President Obama unilaterally implemented two foundational changes to our immigration laws. First, in 2012, after the Senate declined to enact the DREAM Act, the Obama administration announced an executive workaround known as DACA. This policy deferred the deportation of the so-called Dreamers aliens who had entered the United States as minors but were not lawfully present and granted them work authorization and other federal benefits. Two years later, after the House rejected comprehensive immigration reform, once again the president turned to the pen and phone. DAPA, as the program became known, would have granted similar federal benefits to the parents of children who were citizens.
In mastering the art of the executive-action repeal, the attorney general has taken monumental steps to restore the rule of law in our republic.
Following a challenge by Texas and 25 other states, the Fifth Circuit Court of Appeals ruled that DAPA was illegal. That decision was appealed to the Supreme Court, where the justices split 4-4 following Justice Scalia’s passing, but the case did not directly affect DACA. Following the inauguration, the Trump administration rescinded DAPA a policy that had never gone into effect but, to the surprise of many, retained DACA. Texas, along with some but not all of the 25 others, threatened to sue the Trump administration if it continued to grant new licenses under DACA.
In response to this ultimatum, Sessions made an unpopular but principled decision, advising the Department of Homeland Security to wind down DACA. The attorney general determined that the policy was implemented “without proper statutory authority” and that this “open-ended circumvention of immigration laws” was “an unconstitutional exercise of authority by the Executive Branch.” He reaffirmed his “duty to defend the Constitution and to faithfully execute the laws passed by Congress.” Sessions added that the “proper enforcement of our immigration laws is, as President Trump consistently said, critical to the national interest and the restoration of the rule of law in our country.”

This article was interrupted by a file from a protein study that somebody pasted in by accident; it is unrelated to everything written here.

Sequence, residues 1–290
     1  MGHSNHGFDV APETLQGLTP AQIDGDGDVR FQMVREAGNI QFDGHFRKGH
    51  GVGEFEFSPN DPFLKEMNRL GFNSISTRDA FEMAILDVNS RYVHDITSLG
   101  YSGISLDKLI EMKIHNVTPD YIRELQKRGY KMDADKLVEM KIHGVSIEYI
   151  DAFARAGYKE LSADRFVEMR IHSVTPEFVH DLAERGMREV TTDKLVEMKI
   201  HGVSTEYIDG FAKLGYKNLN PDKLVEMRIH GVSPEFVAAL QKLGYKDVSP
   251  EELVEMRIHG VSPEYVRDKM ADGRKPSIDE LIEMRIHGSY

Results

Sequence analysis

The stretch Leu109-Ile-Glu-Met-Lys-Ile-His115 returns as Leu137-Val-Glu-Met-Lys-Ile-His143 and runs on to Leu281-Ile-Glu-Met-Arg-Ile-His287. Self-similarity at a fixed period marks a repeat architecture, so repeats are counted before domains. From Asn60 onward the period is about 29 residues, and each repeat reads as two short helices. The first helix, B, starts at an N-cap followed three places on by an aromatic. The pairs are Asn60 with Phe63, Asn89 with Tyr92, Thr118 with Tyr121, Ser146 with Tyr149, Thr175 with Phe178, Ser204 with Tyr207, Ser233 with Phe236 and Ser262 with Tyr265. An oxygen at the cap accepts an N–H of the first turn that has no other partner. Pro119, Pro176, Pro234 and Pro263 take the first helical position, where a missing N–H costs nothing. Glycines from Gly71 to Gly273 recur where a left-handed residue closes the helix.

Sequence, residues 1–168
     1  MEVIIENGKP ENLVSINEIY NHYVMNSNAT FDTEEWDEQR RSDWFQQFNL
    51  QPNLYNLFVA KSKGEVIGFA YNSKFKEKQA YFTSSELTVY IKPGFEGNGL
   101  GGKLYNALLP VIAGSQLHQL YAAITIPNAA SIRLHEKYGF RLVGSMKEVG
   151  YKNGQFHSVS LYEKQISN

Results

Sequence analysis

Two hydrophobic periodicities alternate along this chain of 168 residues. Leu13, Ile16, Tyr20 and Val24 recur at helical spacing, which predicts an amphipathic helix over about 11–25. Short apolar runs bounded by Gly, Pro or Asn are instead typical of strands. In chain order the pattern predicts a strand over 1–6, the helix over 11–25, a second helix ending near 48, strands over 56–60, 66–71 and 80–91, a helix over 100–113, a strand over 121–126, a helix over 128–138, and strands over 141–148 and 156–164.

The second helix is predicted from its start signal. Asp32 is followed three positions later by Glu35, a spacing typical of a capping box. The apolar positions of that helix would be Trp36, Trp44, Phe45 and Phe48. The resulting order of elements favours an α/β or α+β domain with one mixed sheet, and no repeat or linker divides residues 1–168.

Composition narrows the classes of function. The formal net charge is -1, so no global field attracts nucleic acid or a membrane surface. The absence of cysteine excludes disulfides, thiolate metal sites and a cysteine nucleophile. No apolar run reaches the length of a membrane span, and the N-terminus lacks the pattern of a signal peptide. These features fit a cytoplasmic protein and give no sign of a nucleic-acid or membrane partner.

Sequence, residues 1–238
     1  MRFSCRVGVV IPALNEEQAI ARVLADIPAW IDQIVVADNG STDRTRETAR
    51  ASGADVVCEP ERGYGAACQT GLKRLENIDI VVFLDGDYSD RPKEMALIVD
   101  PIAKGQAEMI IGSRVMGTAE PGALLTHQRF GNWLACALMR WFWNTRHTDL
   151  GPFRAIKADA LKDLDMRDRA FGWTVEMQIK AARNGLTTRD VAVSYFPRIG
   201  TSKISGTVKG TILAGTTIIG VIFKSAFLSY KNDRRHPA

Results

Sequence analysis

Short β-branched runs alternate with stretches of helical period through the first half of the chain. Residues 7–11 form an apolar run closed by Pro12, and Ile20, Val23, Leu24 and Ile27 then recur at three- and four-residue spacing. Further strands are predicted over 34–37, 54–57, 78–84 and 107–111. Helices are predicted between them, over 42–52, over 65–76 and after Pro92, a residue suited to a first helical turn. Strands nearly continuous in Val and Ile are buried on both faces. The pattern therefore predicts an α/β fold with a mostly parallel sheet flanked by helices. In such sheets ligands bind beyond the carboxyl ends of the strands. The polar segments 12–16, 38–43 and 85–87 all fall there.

After eight years of a president who seldom found the outer bounds of his own power often resorting to contorted readings of statutes to advance his progressive agenda President Trump’s willing surrender of such authority, without any equivocation, is a breath of fresh air in an otherwise chaotic time. Indeed, while Democrats tend to over-enforce the law, the power to under-enforce laws is one that generally inures to the benefit of a deregulatory conservative agenda. This Cincinnatian act of self-restraint makes the administration’s concession a big-league victory for the separation of powers.
Last week, the attorney general began to drain another unconstitutional swamp: Obamacare. Under the Affordable Care Act, Congress created two different types of subsidies that were designed to lower insurance costs. One type, used to offset the premiums customers paid, was fixed through a permanent appropriation, meaning Congress would not need to add a new line item to the budget each year. The other type, known as cost-sharing-reduction subsidies (CSRs), would reimburse insurers for certain expenditures. The CSRs, however, were not fixed through a permanent appropriation. As a result, the Obama administration had to ask Congress for funding. In 2013, the White House made such a request, but apparently in an effort to avoid cuts under sequestration the request was later withdrawn. Instead, the executive branch simply raided the Treasury, pilfering funds from the permanent source to pay for the unappropriated CSRs.
The Republican-led House of Representatives sued the Obama administration and prevailed. A federal district-court judge in the District of Columbia ruled that Congress had never appropriated the funds for the CSRs. The Obama Justice Department appealed, but the case was held in abeyance leading up to the inauguration. Much to my surprise, the Trump administration continued to make these payments for nearly eight months. But thanks to the leadership of the Sessions Justice Department, that illegal practice too has drawn to a close.
In a letter to the Departments of Health and Human Services and Treasury, the attorney general determined that the ACA “does not appropriate funds for the CSR program.” He acknowledged that his predecessor had defended the payments, but “concluded that the best interpretation of the law is that the permanent appropriation” cannot be used to fund the CSRs. The Holder Justice Department had twisted the statutory language to argue that the payments to customers and insurers “are essentially two parts of a single program.” Sessions, however, stated the obvious: “The two programs are distinct.”
This situation is worlds away from President Nixon’s practice of impoundment, whereby he declined to spend money that had been appropriated, because he disagreed with Congress’s priorities — a practice that Congress subsequently prohibited. Here, President Trump declined to spend money that was never appropriated in the first place. Due to this relinquishment of power, the Trump administration has returned this important question to where it belongs: Congress. The Republican-controlled Congress should appropriate the funds for the CSRs, where the Democrat-controlled Congress did not.